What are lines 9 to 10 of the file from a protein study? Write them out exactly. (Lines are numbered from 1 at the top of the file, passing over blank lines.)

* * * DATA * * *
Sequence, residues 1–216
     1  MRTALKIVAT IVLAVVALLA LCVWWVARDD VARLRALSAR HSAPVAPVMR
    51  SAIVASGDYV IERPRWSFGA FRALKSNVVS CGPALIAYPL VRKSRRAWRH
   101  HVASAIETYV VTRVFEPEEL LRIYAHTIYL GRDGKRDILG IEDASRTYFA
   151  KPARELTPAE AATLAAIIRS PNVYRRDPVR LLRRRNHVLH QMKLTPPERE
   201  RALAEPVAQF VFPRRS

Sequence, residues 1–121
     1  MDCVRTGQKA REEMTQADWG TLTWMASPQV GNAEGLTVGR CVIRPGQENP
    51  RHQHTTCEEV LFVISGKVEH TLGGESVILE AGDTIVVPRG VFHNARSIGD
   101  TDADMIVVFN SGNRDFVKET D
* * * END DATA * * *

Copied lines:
    51  RHQHTTCEEV LFVISGKVEH TLGGESVILE AGDTIVVPRG VFHNARSIGD
   101  TDADMIVVFN SGNRDFVKET D